Improving Intergovernmental Relations
Edited by Giorgio Brosio and Juan P. Jiménez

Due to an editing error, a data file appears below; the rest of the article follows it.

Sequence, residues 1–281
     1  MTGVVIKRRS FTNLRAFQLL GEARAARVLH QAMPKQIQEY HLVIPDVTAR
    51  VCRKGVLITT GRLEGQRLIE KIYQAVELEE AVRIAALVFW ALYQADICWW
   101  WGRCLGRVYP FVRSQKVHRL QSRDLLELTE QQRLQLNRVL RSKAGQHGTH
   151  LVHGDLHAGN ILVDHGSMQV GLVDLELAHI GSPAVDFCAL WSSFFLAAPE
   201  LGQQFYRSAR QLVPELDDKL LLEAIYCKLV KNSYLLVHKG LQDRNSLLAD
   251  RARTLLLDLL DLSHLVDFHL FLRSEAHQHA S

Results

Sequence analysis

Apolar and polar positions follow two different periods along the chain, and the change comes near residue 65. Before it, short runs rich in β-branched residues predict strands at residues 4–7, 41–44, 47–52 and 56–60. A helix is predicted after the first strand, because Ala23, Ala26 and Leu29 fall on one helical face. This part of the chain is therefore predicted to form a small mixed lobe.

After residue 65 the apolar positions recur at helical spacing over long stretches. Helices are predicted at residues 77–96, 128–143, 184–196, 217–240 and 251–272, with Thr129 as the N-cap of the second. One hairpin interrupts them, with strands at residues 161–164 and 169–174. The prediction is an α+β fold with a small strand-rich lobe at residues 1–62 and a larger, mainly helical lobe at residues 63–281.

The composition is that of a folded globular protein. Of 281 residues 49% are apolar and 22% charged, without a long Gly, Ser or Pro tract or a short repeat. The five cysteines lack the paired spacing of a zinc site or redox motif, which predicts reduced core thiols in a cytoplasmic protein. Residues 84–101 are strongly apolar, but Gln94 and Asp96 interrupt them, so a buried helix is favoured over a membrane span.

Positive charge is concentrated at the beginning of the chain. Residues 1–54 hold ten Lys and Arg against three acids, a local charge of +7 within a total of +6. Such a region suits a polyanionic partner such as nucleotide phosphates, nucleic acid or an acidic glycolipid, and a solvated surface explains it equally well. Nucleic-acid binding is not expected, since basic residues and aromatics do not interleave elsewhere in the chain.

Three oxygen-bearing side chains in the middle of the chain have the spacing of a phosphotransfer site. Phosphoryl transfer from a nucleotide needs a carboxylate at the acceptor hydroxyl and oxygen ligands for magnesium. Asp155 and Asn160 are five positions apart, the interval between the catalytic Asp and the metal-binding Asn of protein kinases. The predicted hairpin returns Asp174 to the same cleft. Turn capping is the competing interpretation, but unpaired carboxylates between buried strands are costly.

Beyond the high institutional heterogeneity that characterizes Latin America, during the past decades the countries in the region have increasingly reallocated responsibilities from central levels of government to intermediate and local levels. Similarly to the rest of the world, most countries of the region have experienced a clear trend towards increasing decentralization of spending responsibilities. These decentralization processes have occurred in both federal countries as well as in unitary and/or centralized countries, however, through different institutional and legal instruments. Therefore, sub-national governments participate more and more actively in the management of a substantial part of the public budget. Despite the potential advantages frequently referred to in order to justify these reallocations, it is important to note that these decentralization processes and their results have not been uniform. The systems of intergovernmental relations and their impact in terms of efficiency and equity in the provision of decentralized goods and services (health, education and infrastructure) continue to be very heterogeneous. Evidently the expected benefits of decentralization must be evaluated with a view of the conditions in which the reform processes are orchestrated. Thereby it is essential to recognize a series of specific characteristics of Latin America: high inequality in income distribution, high level of urbanization, territorial inequality within countries, and limits to public policy imposed by low levels of taxation both at the central and the subnational government level. Moreover the development of decentralization processes together with the recovery and strengthening of democratic institutions must be stressed. In addition, in several countries...